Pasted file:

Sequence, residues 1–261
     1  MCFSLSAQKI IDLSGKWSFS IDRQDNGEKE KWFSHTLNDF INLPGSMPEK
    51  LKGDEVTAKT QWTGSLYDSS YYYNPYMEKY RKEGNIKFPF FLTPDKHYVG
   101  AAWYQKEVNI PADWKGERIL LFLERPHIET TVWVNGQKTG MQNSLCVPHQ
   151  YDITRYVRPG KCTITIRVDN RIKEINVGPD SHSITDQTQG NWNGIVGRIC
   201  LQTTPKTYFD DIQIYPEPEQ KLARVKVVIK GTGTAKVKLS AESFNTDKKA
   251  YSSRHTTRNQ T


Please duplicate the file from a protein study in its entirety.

Sequence, residues 1–261
     1  MCFSLSAQKI IDLSGKWSFS IDRQDNGEKE KWFSHTLNDF INLPGSMPEK
    51  LKGDEVTAKT QWTGSLYDSS YYYNPYMEKY RKEGNIKFPF FLTPDKHYVG
   101  AAWYQKEVNI PADWKGERIL LFLERPHIET TVWVNGQKTG MQNSLCVPHQ
   151  YDITRYVRPG KCTITIRVDN RIKEINVGPD SHSITDQTQG NWNGIVGRIC
   201  LQTTPKTYFD DIQIYPEPEQ KLARVKVVIK GTGTAKVKLS AESFNTDKKA
   251  YSSRHTTRNQ T